Foster was a former pitcher who played many years for several Negro teams, such as the Fort Worth Yellow Jackets, Philadelphia Cuban Giants, Leland Giants in Chicago, and the Chicago American Giants. As his career waned, he became more business minded. He owned Chicago’s first professional Black baseball team called the Chicago American Giants. His extensive playing experience and relationships with Negro players allowed him to convince many of them to play for certain NNL teams, inclusive of the Detroit Stars.
Including the Stars in his new league was a no-brainer. After all, Detroit was a destination city with a growing Black population fueled by the robust automobile industry, thanks to Henry Ford and his Ford Motor Company. Foster appointed John T. “Tenny” Blount to promote the Detroit Stars. Some close to the team’s history said that Blount was the team’s business manager and possibly had some level of ownership. Nevertheless, Foster and Blount’s business relationship was often rocky.
Rocky or not, The Detroit Stars, which formed in 1919, was the city’s first Black professional sports franchise and was more than ready to join the newly formed NNL in 1920. The team’s home field was Mack Park, located on Detroit’s eastside.
Built in 1914, the stadium was said to hold between 5,500 and 6,000 people, comfortably. However, with creative arrangements, the stadium could pack in a few thousands more. Mack Park would serve as the Stars’ home field until a July, 1929 fire destroyed a large section of the stadium. The team moved to Dequindre Park, located at Dequindre and Modern on Detroit’s eastside. The team would later play at Hamtramck Stadium, a newly built facility in Hamtramck, Michigan that could accommodate both baseball and football games.
Taking the field for the Detroit Stars’ inaugural game were players like Bill Holland, Edgar Wesley, Bruce Petway, Chick Harper, Bill Gatewood, Joe Hewitt, Pete Hill, Jimmie Lyons Andy Cooper, Mule Riggins, Frank Warfield, Pete Hill, and Webster McDonald. The team’s record in its first season was 35 wins, 22 loses, which was good for second place behind the Chicago American Giants. In the ensuing years, the team was always competitive; however, they never finished first in the NNL standings.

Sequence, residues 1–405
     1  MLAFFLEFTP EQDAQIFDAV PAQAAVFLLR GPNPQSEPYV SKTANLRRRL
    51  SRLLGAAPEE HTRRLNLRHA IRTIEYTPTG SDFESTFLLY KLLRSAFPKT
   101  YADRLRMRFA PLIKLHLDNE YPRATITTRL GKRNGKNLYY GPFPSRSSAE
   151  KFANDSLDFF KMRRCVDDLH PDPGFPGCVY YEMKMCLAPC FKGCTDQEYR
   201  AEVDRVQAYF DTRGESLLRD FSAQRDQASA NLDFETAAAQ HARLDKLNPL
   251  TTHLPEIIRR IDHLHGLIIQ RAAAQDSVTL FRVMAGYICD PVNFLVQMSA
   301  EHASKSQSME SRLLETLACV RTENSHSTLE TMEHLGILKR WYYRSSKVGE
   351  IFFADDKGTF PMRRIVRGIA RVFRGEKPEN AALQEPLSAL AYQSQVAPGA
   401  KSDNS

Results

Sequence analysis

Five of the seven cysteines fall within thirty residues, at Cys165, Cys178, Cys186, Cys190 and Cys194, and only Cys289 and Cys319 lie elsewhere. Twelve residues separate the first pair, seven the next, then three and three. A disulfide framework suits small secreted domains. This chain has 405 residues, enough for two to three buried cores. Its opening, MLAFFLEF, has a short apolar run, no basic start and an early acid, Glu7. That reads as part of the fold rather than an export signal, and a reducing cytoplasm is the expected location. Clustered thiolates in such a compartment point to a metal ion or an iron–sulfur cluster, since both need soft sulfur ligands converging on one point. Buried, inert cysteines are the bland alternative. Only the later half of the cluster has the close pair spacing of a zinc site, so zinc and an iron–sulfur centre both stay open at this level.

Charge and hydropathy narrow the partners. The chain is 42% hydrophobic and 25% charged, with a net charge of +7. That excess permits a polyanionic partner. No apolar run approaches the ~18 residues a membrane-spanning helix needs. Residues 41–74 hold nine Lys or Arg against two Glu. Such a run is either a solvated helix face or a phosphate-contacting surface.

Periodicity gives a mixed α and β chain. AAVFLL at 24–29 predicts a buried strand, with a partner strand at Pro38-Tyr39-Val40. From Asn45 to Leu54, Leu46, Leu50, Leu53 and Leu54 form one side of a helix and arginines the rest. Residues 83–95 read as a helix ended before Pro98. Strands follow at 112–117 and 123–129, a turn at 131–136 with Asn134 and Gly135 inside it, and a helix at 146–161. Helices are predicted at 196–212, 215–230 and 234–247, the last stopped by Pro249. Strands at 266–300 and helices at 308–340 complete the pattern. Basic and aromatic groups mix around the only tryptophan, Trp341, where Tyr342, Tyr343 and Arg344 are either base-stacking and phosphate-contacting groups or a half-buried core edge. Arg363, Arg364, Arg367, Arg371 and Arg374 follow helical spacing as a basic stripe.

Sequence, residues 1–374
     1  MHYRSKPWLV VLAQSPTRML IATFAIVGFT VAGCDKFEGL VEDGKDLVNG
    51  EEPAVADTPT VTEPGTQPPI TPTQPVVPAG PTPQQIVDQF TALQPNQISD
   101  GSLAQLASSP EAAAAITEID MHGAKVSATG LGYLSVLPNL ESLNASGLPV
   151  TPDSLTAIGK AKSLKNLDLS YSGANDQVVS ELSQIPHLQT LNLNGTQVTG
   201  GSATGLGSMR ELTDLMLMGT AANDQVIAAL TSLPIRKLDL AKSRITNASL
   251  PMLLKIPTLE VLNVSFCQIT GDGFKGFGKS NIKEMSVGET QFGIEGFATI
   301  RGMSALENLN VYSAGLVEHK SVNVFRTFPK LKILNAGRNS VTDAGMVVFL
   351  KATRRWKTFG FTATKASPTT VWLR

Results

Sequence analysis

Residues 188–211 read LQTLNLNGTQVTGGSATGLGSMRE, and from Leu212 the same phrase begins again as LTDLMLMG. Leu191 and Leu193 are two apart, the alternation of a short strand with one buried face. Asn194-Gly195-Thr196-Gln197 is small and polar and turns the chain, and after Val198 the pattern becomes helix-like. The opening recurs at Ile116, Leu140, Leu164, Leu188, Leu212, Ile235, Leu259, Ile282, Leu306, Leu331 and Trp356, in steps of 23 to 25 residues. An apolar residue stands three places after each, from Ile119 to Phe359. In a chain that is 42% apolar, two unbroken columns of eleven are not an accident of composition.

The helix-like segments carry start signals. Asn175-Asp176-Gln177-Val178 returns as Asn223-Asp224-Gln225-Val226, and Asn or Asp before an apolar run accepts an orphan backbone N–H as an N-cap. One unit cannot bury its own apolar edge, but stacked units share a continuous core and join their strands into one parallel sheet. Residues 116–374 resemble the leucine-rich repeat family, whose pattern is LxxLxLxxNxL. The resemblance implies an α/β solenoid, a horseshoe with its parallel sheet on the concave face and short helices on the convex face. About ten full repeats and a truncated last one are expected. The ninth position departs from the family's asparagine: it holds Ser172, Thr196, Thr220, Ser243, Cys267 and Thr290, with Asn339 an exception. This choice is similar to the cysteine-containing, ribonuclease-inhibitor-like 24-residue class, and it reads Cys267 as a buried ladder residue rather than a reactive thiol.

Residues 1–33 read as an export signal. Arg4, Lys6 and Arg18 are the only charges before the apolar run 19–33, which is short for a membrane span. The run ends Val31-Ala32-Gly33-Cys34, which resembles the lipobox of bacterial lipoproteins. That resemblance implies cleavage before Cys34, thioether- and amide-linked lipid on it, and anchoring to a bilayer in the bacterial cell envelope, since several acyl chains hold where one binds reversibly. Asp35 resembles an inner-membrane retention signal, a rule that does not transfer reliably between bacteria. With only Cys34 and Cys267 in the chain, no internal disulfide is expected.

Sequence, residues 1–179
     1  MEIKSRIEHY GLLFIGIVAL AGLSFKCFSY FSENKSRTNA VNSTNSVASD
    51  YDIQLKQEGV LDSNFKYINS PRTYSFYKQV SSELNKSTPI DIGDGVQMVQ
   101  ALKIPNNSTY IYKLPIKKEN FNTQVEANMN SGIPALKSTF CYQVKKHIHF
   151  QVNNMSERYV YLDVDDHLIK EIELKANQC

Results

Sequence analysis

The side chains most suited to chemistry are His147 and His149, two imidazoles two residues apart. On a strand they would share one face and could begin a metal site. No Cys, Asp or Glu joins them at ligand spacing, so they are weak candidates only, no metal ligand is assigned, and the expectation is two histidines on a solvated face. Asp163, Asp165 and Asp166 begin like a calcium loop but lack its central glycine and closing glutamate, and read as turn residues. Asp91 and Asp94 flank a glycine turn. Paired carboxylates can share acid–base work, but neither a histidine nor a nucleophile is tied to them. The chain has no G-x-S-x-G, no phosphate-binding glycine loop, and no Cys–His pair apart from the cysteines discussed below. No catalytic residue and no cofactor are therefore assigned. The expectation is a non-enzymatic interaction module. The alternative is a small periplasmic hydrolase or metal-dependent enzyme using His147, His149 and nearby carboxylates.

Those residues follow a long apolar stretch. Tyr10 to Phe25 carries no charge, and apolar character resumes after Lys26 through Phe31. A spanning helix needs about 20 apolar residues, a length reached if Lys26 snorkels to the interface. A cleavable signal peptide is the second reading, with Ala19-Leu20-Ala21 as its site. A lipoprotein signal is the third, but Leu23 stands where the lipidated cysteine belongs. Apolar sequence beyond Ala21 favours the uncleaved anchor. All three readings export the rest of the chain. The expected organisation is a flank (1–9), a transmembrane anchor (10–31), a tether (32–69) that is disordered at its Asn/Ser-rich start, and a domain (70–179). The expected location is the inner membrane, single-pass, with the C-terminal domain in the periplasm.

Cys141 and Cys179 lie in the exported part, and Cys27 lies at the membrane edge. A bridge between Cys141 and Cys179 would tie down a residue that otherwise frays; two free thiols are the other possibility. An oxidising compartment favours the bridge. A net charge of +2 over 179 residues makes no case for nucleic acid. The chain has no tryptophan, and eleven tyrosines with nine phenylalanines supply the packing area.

While there were many players that donned the Detroit Stars’ uniform from 1919 to 1933, the team’s most famous and greatest star was Norman “Turkey” Stearnes. He joined the Stars in 1923 and was called “Turkey” because he flapped his arms as he ran the bases. From 1923 to 1931, Stearnes was a superstar. He was a fleet-footed and sure-handed centerfielder who was an incredible power hitter.
“He had a funny stance, but could get around on you,” the legendary pitcher Leroy “Satchel” Paige once told a reporter. “He could hit the ball over the right field fence, the left field fence and the center field fence. If you didn’t pitch him in just the right spot, he would just hit the ball out the park just about every time. He was as good as anybody that ever played baseball.”
Stearnes’ nine seasons with the Stars is the longest tenure of any player in the franchise’s history. When he left the game, he held just about every team hitting record possible.
In 1931, the NNL folded, with the Detroit Stars meeting the same fate. However, a team called the Detroit Wolves, featuring Cool Papa Bell, played in 1932 in the newly formed, short-lived East-West League. In 1933, another edition of the Detroit Stars appeared when the NNL made a comeback; the league and the stars disappeared after a partial season of play. Another comeback of the Detroit Stars was in 1937 as a charter member of the Negro American League (NAL), a membership that lasted one season, although NAL struggled for a few more seasons. As Jackie Robinson was making his quantum leap over the color barrier to Major League Baseball in 1947, and with other African-Americans close behind, a drop-off in the Negro Leagues was evident.